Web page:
Brazil’s high court has shot down a request from the country’s president to overturn lockdown measures that were imposed by three governors to combat the spread of the COVID-19 pandemic.
Supreme Court judge Marco Aurélio Mello on Tuesday tossed out a lawsuit that had been filed by President Jair Bolsonaro, who argued that the curfews that were set in place by the governors in the states of Bahia, Rio Grande do Sul and the Federal District, home to the nation’s capital, were a ‘state of siege.’
In his ruling, judge Mello rejected Bolsonaro’s petition because Brazilian law did not grant him the right to sue the court alone, largely in part because he had signed the lawsuit documents by himself without the Attorney General’s Office.
‘The Chief Executive personifies the Union, assigning judicial representation to the Attorney General the practice of acts in court. Considering the gross error, there is no room for procedural reorganization,’ Mello wrote.
Brazil President Jair Bolsonaro learned on Tuesday that the Supreme Court had rejected his lawsuit to stop the governors of Bahia, Rio Grande do Sul and the Federal District from continuing to impose a curfew. Bolsonaro compared the measure by the governors to a ‘state of siege’
A family in Brasilia, Federal District, bids farewell to a family member who died of the coronavirus. The pandemic has killed 295,425 people in Brazil
A nurse is pictured tending to several patients last Wednesday inside the intensive care unit of a hospital in Porto Alegre, Brazil
Bolsonaro challenged the governors of Bahia, Rio Grande do Sul and the Federal District by claiming that the laws banning non-essential activities during the course of a pandemic could only be applied by congress and not by measures set forth by governors.
Bolsonaro said it was the Supreme Court’s duty to ‘establish that, even in cases of proven sanitary need, measures to close non-essential services require legal support and must preserve the minimum economic autonomy of people, enabling personal and family subsistence.’
He also added that there was no proof that placing a night curfew would prevent people from being infected with the virus.
However, Mello refuted Bolsonaro’s claims by indicating that governments at the local, state and federal levels were all responsible in determining which measures could be put into place to combat an epidemic that continues to ravage Brazil.
The Supreme Court judge also took Bolsonaro and his unwarranted ‘totalitarian vision’ to task in handling the coronavirus pandemic.
‘In view of the democratic airs experienced, improper, in all respects, it is the totalitarian vision. The president of the Republic is responsible for the larger leadership, the coordination of efforts aimed at the well-being of Brazilians ‘, wrote the minister.
A COVID-19 patient rests inside an intensive care unit at the Hospital das Clinicas in Porto Alegre, Brazil, last Friday
Supporters of Brazil President Jair Bolsonaro take part in a protest near the house of São Paulo governor Joao Doria on Sunday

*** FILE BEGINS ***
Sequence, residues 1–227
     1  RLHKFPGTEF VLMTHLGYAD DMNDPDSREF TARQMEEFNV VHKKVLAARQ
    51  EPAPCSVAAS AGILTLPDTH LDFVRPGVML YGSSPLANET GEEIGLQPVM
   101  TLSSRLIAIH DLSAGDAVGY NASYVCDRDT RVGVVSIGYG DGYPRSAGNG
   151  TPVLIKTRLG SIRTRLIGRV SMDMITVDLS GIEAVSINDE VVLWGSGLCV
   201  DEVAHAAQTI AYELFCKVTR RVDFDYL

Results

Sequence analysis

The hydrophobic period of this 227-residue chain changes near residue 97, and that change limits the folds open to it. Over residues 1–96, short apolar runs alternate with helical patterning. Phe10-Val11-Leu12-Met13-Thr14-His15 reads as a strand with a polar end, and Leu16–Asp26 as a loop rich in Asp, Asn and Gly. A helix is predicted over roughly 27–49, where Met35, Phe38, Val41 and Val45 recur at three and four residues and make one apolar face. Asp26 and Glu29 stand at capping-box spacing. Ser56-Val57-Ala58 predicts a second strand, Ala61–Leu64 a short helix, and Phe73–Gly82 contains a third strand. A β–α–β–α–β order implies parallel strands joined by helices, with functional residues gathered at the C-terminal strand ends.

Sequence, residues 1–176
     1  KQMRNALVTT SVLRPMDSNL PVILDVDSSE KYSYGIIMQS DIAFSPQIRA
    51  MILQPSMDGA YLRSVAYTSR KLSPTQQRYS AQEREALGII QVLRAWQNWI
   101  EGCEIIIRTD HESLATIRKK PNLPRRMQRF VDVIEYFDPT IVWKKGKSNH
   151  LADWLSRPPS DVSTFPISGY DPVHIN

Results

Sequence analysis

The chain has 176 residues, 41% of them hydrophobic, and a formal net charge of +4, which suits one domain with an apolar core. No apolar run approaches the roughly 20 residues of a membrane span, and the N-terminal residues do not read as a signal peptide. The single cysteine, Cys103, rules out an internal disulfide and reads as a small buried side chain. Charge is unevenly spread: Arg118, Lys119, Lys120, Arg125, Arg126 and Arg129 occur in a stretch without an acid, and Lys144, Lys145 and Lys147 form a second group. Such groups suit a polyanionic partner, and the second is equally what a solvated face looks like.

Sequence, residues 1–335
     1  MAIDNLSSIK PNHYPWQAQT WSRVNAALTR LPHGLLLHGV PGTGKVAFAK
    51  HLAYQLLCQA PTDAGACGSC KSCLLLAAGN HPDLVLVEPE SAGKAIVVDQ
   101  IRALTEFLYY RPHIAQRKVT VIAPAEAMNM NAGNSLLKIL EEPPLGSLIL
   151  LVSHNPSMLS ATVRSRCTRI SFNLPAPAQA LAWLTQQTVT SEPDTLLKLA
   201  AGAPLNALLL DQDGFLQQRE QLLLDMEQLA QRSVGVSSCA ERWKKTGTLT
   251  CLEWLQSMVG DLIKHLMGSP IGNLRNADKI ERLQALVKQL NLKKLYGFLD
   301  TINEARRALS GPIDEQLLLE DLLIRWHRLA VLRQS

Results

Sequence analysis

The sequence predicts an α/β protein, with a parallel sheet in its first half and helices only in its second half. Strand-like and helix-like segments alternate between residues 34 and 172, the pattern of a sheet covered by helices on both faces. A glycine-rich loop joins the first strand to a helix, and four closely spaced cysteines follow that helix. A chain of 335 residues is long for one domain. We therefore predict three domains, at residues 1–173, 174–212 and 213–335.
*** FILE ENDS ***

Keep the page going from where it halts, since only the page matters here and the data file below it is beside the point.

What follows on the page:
According to data released Tuesday by John Hopkins University, Brazil was second to the United States with 295,425 confirmed coronavirus deaths and 12,047,526 infections.
The southern state of Rio Grande do Sul is fourth in the country with 17,157 deaths and 793,008 cases, including a total of 101,603 that were reported between March 9 and March 22. Bahia is fifth, having registered 14,224 deaths and 770,430 infections, including 55,012 in the previous 13 days.
The Federal District, located in the central west region, is 14th in the nation with 330,756 cases, including 22,217 during the last 13 days. It ranks 16th with 5,441 cases.
Federal District governor Ibaneis Rocha, who on March 8 imposed a 10pm to 5am curfew, maintained that the orders imposed by his fellow governors did not violate any federal laws.
‘The decrees have nothing unconstitutional and were issued within the competence established by me, in the Constitution itself and in the law,’ he said.
Bahia governor Rui Costa said Bolsonaro’s behavior only added strength to a pandemic that has made the country the virus’ epicenter in Latin America.
‘The president of the republic reaffirms with his posture, his conduct, that he is the main ally of the virus in Brazil,’ Costa said.
‘His conduct indicates that he is the main ally of the wave of deaths that happens throughout. His behavior reaffirms that he is responsible for the economy being practically paralyzed throughout the country, for trade to be closed, for the growth of unemployment.’
Despite seeing his court challenge come up short, Bolsonaro on Tuesday swore in his fourth health minister since the pandemic.
Sources told Reuters that a private ceremony was held where cardiologist Marcelo Queiroga officially replaced Eduardo Pazuello, an active-duty army general with no prior medical experience who has overseen most of Brazil’s pandemic response.
The World Health Organization’s (WHO) regional director for the Americas, Carissa Etienne, said on Tuesday that the virus is surging ‘dangerously’ across Brazil, and urged all Brazilians to adopt preventive measures to stop the spread.